Show simple item record

dc.contributor.authorTeklemariam, Tsegazeab Laeke
dc.contributor.authorAklilu, Abenezer Tirsit
dc.contributor.authorKassahun, Azarias
dc.contributor.authorSahlu, Abat
dc.contributor.authorYesehak, Betelehem
dc.contributor.authorGetahun, Samuel
dc.contributor.authorZenebe, Eyob
dc.contributor.authorDeyassa, Negussie
dc.contributor.authorMoen, Bente Elisabeth
dc.contributor.authorLund-Johansen, Morten
dc.contributor.authorSundstrøm, Terje
dc.description.abstractBackground Traumatic brain injury (TBI) is an important cause of trauma-related mortality and morbidity in Ethiopia. There are significant resource limitations along the entire continuum of care, and little is known about the neurosurgical activity and patient outcomes. Methods All surgically treated TBI patients at the 4 teaching hospitals in Addis Ababa, Ethiopia were prospectively registered from October 2012 to December 2016. Data registration included surgical procedures, complications, reoperations, discharge outcomes, and mortality. Results A total of 1087 patients were included. The most common procedures were elevation of depressed skull fractures (49.5%) and craniotomies (47.9%). Epidural hematoma was the most frequent indication for a craniotomy (74.7%). Most (77.7%) patients were operated within 24 hours of admission. The median hospital stay for depressed skull fracture operations or craniotomies was 4 days. Decompressive craniectomy was only done in 10 patients. Postoperative complications were seen in 17% of patients, and only 3% were reoperated. Cerebrospinal fluid leak was the most common complication (7.9%). The overall mortality was 8.2%. Diagnosis, admission Glasgow Coma Scale (GCS) score, surgical procedure, and complications were significant predictors of discharge GCS score (P < 0.01). Age, admission GCS score, and length of hospital stay were significantly associated with mortality (P ≤ 0.005). Conclusions The injury panorama, surgical activity, and outcome are significantly influenced by patient selection due to deficits within both prehospital and hospital care. Still, the neurosurgical services benefit a large number of patients in the greater Addis region and are qualitatively comparable with reports from high-income countries.en_US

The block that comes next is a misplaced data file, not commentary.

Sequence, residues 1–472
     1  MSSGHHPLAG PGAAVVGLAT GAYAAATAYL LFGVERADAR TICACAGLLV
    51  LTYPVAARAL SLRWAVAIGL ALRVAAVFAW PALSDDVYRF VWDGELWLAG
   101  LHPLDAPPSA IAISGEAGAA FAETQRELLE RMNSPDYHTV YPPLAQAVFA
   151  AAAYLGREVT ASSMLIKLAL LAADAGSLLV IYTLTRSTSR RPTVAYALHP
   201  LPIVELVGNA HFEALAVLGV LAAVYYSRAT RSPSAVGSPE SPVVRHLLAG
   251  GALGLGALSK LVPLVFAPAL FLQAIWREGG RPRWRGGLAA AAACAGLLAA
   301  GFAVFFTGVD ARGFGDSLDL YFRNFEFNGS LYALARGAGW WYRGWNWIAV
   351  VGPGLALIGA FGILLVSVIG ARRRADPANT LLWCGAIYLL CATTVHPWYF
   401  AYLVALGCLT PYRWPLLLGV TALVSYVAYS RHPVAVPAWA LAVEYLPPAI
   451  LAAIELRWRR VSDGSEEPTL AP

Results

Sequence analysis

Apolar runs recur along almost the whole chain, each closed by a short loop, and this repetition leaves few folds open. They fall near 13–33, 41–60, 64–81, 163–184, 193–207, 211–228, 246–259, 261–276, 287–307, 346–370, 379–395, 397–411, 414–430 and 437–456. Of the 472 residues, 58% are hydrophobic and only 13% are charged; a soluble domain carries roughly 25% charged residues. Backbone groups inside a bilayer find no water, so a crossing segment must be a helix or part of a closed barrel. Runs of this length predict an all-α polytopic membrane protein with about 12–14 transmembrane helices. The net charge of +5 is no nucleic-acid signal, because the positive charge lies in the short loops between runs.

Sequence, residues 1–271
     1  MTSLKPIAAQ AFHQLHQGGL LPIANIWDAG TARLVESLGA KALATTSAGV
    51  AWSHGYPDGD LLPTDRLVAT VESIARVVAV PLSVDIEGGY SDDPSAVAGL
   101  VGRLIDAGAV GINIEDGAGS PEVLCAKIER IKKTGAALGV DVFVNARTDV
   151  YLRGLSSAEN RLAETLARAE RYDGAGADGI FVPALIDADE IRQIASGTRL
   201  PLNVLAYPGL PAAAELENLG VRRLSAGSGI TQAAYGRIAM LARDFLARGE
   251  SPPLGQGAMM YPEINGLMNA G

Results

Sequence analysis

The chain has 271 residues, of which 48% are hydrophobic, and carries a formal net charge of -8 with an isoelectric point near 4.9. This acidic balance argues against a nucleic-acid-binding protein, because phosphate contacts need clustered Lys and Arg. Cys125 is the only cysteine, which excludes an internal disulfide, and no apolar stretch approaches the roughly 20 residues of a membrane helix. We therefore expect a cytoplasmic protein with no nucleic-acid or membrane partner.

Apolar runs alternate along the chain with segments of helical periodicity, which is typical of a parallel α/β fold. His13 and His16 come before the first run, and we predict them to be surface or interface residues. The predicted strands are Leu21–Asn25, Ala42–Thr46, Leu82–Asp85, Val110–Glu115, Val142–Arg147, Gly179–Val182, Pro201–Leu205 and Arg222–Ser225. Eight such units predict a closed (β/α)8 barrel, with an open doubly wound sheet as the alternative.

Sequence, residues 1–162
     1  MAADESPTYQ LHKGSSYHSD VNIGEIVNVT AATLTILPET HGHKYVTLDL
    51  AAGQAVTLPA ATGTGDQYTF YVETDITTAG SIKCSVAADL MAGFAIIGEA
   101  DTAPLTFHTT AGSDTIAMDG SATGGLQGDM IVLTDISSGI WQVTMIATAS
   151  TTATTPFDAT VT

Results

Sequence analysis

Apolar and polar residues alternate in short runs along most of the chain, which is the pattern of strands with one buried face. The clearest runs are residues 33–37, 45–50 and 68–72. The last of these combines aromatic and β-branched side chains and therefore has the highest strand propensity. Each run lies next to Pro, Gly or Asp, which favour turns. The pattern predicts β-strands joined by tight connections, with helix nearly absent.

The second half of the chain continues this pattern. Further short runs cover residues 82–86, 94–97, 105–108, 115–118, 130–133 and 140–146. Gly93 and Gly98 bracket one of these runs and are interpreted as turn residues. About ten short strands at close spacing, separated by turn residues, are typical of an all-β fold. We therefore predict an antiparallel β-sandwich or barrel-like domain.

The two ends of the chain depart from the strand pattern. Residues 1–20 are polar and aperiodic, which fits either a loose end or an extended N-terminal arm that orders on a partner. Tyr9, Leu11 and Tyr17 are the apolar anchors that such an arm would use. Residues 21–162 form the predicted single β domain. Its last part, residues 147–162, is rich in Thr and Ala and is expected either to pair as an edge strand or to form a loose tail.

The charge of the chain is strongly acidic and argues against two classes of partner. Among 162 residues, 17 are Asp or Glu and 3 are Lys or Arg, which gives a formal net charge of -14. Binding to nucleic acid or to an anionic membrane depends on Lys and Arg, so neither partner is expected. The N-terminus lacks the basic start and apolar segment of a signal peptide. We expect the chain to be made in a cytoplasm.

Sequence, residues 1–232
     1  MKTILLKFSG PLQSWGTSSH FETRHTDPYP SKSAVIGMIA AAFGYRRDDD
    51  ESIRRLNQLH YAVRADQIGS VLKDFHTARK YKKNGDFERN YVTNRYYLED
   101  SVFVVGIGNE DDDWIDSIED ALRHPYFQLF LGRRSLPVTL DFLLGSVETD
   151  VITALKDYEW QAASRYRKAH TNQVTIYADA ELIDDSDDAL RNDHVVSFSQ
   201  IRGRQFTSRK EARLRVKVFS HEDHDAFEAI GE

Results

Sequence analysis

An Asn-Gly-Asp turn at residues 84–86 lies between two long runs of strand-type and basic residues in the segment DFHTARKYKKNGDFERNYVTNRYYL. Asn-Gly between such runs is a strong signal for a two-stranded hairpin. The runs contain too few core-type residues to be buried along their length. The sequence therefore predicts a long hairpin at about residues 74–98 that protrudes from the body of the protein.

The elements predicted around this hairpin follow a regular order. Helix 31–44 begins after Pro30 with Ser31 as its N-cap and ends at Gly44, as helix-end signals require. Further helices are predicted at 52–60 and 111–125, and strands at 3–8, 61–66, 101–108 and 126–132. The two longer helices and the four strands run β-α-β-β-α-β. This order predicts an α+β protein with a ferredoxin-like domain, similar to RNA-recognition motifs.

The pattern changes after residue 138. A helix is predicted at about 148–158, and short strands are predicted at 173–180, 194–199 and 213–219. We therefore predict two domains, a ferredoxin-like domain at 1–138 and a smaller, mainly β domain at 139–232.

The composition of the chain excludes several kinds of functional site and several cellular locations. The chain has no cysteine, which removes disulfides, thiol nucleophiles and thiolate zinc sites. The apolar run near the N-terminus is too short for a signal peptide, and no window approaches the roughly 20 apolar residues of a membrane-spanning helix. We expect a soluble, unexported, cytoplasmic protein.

dc.rightsAttribution-NonCommercial-NoDerivatives 4.0 Internasjonal*
dc.titleProspective Study of Surgery for Traumatic Brain Injury in Addis Ababa, Ethiopia: Surgical Procedures, Complications, and Postoperative Outcomesen_US
dc.typeJournal articleen_US
dc.typePeer revieweden_US
dc.rights.holderCopyright 2021 Elsevieren_US
dc.source.journalWorld Neurosurgeryen_US
dc.identifier.citationWorld Neurosurgery. 2021, 150, e316-e323.en_US

Files in this item


This item appears in the following Collection(s)

Show simple item record

Attribution-NonCommercial-NoDerivatives 4.0 Internasjonal
Except where otherwise noted, this item's license is described as Attribution-NonCommercial-NoDerivatives 4.0 Internasjonal